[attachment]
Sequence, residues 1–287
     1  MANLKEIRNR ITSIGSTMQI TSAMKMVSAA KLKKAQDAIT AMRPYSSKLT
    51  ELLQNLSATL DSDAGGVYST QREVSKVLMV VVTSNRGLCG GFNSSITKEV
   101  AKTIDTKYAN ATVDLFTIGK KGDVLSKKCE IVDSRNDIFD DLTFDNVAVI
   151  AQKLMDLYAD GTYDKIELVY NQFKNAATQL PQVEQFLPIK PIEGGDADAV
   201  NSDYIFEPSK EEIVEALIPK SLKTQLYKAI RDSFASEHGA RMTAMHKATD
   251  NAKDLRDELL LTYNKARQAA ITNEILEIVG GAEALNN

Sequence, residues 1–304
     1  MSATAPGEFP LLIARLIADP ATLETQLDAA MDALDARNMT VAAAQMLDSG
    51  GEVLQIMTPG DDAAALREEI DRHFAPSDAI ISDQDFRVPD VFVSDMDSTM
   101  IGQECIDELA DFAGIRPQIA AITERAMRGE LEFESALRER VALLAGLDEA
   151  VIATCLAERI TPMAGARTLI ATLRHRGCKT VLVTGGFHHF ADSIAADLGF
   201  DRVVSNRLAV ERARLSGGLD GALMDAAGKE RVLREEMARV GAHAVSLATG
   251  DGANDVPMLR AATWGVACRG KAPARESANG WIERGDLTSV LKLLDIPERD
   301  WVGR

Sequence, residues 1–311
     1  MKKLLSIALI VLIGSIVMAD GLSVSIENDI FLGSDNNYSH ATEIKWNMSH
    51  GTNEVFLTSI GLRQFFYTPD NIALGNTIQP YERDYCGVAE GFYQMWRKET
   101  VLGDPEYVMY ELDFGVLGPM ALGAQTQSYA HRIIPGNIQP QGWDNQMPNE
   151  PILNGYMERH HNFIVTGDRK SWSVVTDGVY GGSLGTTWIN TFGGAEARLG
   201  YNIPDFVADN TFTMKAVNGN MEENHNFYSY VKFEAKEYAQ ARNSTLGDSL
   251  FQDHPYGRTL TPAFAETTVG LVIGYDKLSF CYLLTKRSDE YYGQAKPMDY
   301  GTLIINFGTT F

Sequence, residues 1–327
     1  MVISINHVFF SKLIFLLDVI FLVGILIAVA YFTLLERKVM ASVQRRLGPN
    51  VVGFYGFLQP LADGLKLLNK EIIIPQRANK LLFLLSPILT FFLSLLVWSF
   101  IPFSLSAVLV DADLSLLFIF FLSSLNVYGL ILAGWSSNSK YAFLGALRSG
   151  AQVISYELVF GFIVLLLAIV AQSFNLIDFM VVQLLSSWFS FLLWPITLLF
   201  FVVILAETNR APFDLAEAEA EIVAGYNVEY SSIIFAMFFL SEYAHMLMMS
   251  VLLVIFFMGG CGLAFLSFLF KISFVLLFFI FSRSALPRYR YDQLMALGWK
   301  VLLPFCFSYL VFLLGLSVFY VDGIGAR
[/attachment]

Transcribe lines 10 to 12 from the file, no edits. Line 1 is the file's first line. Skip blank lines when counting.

    51  GEVLQIMTPG DDAAALREEI DRHFAPSDAI ISDQDFRVPD VFVSDMDSTM
   101  IGQECIDELA DFAGIRPQIA AITERAMRGE LEFESALRER VALLAGLDEA
   151  VIATCLAERI TPMAGARTLI ATLRHRGCKT VLVTGGFHHF ADSIAADLGF